Introduction - Hochschule fuer Bildende Künste Dresden

The history of the Hochschule für Bildende Künste Dresden goes back several centuries. Documents show that a ‘Dresden Painting School’ was founded in 1680. Almost a century later, this school was to evolve into the Dresden Art Academy (Allgemeine Kunst-Academy), which was noted for its remarkably broad teaching programme, including subjects such as sculpture, architecture, and engraving.

Eminent artists and scholars are closely associated with the history of the Academy. Canaletto, Giovanni Casanova, Caspar David Friedrich, Gottfried Semper, Oskar Kokoschka and Otto Dix taught at the Dresden Academy and shaped its profile.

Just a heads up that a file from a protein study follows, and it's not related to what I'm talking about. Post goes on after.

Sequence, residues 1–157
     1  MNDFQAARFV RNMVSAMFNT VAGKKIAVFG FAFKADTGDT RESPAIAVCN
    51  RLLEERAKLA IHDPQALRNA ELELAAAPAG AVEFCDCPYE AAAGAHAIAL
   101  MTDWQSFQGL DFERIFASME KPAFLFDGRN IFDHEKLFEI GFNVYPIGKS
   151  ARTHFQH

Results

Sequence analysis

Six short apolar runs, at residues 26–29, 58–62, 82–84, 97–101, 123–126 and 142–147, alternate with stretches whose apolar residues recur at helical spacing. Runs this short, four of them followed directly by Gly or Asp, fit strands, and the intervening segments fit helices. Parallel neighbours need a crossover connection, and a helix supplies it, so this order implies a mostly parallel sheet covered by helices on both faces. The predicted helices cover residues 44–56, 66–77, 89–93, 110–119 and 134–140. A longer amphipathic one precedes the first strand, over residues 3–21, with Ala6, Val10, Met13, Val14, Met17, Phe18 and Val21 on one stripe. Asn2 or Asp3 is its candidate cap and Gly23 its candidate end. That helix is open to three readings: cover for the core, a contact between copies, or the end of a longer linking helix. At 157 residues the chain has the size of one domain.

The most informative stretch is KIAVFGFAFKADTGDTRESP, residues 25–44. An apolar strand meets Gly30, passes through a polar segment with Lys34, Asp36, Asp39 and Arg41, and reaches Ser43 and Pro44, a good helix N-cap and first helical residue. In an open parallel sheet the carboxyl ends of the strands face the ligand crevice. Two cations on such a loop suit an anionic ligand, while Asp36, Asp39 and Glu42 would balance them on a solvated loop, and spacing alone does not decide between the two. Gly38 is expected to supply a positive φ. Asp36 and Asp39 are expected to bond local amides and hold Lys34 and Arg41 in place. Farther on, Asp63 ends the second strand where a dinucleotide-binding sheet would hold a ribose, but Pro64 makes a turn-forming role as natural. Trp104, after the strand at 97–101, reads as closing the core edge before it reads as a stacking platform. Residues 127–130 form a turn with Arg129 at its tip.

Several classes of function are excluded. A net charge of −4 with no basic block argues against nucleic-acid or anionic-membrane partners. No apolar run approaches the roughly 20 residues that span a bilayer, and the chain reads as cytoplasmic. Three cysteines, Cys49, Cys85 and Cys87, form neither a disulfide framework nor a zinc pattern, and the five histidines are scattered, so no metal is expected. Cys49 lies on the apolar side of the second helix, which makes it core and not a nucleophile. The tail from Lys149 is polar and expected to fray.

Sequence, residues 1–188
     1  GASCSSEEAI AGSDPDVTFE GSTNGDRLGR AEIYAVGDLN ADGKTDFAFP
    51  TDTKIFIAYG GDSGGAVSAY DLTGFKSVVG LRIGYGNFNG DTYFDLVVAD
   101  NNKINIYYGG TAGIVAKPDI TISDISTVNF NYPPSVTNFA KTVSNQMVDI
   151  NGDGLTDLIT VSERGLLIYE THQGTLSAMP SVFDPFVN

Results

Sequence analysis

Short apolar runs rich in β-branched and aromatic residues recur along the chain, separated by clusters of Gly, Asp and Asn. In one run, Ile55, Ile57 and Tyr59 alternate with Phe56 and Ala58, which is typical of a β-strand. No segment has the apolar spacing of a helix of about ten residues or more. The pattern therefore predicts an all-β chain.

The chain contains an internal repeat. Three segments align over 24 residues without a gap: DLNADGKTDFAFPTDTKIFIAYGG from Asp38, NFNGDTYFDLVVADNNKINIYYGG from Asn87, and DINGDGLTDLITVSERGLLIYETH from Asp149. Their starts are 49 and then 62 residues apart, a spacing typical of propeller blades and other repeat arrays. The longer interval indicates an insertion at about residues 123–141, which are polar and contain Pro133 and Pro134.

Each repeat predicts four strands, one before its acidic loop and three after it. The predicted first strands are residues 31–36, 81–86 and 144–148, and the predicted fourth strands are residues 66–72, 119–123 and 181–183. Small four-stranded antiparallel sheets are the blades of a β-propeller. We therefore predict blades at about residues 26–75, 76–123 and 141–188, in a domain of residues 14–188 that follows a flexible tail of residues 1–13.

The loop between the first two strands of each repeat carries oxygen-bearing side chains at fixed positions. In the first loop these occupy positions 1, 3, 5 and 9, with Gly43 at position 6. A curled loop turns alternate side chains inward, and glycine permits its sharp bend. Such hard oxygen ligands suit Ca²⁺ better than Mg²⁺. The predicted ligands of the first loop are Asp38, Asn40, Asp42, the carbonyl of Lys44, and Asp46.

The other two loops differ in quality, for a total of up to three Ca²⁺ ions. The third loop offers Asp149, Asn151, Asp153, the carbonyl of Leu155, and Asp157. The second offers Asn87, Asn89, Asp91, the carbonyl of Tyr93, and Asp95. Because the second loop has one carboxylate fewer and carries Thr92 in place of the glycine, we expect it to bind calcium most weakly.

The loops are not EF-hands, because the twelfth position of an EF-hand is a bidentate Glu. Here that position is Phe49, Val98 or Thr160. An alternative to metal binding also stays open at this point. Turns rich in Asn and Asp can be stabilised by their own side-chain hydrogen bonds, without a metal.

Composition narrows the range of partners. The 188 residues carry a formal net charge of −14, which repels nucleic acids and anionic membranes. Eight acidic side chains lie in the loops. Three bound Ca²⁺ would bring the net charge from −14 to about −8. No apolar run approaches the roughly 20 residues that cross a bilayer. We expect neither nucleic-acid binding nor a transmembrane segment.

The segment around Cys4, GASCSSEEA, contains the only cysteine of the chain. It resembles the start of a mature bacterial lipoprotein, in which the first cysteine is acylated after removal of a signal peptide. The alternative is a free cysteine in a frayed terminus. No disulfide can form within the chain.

After World War II, the Dresden Art Academy was merged with another well-established local art school, Hochschule für Werkkunst Dresden, into the Hochschule für Bildende Künste.

In 1990, far-reaching reforms were initiated. As a result, the administrative structure of the Hochschule für Bildende Künste was altered significantly. Recent years saw changes to the academic profile as new subjects and courses such as digital media and art therapy were incorporated into the teaching programme.

Nationally and internationally, the Hochschule für Bildende Künste Dresden enjoys an excellent reputation, yet, by European standards, it remains a relatively small art college. Its favourable student-staff ratio creates an atmosphere conducive to personal communication and tuition and intense intellectual debate. Teaching staff include artists and academics of international standing.

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